California’s long coastline allows for plenty of opportunity to spread the wealth of California organic farms across the entire coastline. Also, organic farming promotes healthy biodiversity and improved water quality as well as local fishing, wildlife, and tourism.
So what exactly is California organic farming? Basically, organic farming is a method of agriculture that makes use of environmentally friendly techniques, instead of chemically modifying produce with the use of antibiotics, GMOs, or other synthetic fertilizers. Also, produced without pesticides, synthetic fertilizers, or mechanized harvesting, this is often described as “organic” farming. A small family farm is considered organic when it meets the following criteria:
Business In Compliance With California State Laws
First, the landowner must operate their business in compliance with California state laws. California has a unique certification process called the California Organic Agriculture Improvement Act (COIA). COIA requires that farms selling organic products meet a minimum of some of the standards set forth in the act. For example, all California organic farming operations are required to test their soil every three years, and test their water on a regular basis. If either of these elements is not met, then the producer will be required to drop their California organic farming certification.
Second, most California organic growers are member-owned cooperatives. Cooperatives work much like traditional farmer-employee owned businesses. The biggest difference is that instead of a large corporation owning and controlling a field of crops, many farmers grow their crops for local markets and send their organic products to individual consumers via a cooperative. The cooperative, also known as a “collective garden” or “cooperative marketing system”, works by each farmer having a credit card, which they use to purchase wholesale organic products from other farmers, as well as certain retail outlets like Whole Foods. Organic gardeners must be registered with COIA before they can participate in the collective buying system.
Use Of Non-GMO Products
Third, one important aspect of organic farming is the use of non-GMO (genetically modified) products. Many critics argue that genetic engineering is dangerous because it may introduce potential allergens into food. Opponents argue that genetically modified food poses absolutely no threat to consumers. However, science has been unable to find evidence that genetically altered food is actually harmful to humans. Opponents would like to see mandatory labeling of all genetically modified products, but that isn’t possible at this time.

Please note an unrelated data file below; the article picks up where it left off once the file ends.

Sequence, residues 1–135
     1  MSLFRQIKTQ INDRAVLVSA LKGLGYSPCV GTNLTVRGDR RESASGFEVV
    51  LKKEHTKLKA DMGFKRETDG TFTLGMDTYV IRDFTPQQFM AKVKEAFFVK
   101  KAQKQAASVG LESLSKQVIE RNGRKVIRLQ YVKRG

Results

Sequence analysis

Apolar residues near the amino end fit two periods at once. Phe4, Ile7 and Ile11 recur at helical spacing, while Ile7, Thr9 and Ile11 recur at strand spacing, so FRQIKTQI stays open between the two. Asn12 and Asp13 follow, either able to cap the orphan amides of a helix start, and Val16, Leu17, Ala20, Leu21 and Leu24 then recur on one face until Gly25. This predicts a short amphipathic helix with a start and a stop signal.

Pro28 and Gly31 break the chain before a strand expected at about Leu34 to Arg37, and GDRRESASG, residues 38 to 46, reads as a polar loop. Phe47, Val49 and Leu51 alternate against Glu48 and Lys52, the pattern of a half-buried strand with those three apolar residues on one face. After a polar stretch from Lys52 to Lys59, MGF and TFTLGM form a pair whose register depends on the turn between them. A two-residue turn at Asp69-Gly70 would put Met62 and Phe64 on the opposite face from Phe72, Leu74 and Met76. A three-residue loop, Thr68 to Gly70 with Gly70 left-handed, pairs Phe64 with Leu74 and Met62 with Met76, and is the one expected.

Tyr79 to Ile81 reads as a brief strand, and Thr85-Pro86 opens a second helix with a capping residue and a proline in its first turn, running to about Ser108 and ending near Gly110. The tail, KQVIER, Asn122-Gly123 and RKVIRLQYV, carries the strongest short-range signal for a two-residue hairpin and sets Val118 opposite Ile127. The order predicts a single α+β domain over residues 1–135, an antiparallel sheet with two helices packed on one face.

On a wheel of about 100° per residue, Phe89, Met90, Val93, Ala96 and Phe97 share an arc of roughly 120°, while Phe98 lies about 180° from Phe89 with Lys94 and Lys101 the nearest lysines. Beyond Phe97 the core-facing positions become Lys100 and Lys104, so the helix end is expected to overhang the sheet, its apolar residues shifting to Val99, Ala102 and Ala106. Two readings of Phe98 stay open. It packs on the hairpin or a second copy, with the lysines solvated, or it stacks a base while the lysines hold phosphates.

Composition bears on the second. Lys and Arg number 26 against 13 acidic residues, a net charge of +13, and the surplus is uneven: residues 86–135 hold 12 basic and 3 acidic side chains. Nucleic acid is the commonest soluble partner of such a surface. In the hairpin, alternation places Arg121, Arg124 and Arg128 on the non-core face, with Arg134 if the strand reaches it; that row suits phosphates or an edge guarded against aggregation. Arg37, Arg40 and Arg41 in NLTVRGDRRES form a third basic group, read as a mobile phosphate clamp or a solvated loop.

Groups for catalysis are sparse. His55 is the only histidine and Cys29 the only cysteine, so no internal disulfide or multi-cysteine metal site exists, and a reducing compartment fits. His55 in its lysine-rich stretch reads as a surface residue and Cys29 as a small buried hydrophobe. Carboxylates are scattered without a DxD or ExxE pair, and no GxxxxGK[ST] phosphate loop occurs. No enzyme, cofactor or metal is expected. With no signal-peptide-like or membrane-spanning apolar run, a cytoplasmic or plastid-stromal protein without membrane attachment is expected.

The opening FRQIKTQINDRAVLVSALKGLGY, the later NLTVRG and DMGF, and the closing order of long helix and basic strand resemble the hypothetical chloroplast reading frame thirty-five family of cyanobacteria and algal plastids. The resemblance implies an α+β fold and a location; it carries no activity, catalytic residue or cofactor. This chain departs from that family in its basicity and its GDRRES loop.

On the other hand, the California Department of Food & Wine released guidelines for how the state’s organic farms should manage their organic acres. The new rules, which will be effective in January of next year, were developed after two decades of research and negotiations between the California Department of Food & Wine and the California National Organic agriculture Association. According to the new regulations, organic agricultural operations will be required to “assess” the organic acreage they use for crop production, and use a program called LCCS (les slydial comparative control system). The state department expects this system to “establish a uniform system for analyzing and measuring the impact of organic agriculture on the state’s food supply.”
Protecting The State’s Interest In Organic Farming
The state’s main concern with organic farming, according to the California Department of Food & Wine, is protecting the state’s interest in organic farming as a whole. Organic growers are required to “assess” their land for productivity potential, “certify” their land when it is certified, and “manage” the land accordingly. They are also required to show that the land uses “sustainable agricultural methods and practices.”
Those who grow and market organic products need to be licensed by the state to do business in California. However, even though the department is working diligently to regulate the organic agricultural industry, and to make sure farmers follow the state’s agricultural history requirements, many in the industry remain skeptical about the department’s ability to protect California’s interests on the national level.
“The Department of Food and Wine is in a tough situation for the next couple of years,” said Dean Robinson, Executive Vice-President of California Organic Agriculture Association. “They need to do more to make sure that consumers get the information they need to make informed decisions about California organic agriculture and to help with organic farm gate sales.” California has long been one of the nation’s leading states in terms of food production, and its position in food market trends and delivery is critical to California’s organic agriculture sector. Organic farmers must work quickly and effectively to ensure that consumers know where to get their food. The Department of Food and Wine needs to work with all interested parties to ensure a smooth and unified organic farming program throughout the state for the future of California’s organic farming economy.